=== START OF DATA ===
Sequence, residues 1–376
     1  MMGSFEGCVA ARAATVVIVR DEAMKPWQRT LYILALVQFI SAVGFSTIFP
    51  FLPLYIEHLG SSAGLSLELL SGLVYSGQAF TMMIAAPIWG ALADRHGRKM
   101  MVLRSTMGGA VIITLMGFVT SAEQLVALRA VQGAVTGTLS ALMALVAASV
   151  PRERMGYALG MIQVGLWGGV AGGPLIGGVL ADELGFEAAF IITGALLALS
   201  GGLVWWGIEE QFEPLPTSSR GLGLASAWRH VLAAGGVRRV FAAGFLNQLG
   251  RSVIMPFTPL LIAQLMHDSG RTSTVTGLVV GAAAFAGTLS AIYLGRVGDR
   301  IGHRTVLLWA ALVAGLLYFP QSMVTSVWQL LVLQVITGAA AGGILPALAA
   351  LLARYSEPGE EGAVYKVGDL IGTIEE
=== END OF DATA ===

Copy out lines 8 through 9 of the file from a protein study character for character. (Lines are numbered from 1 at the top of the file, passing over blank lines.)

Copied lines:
   301  IGHRTVLLWA ALVAGLLYFP QSMVTSVWQL LVLQVITGAA AGGILPALAA
   351  LLARYSEPGE EGAVYKVGDL IGTIEE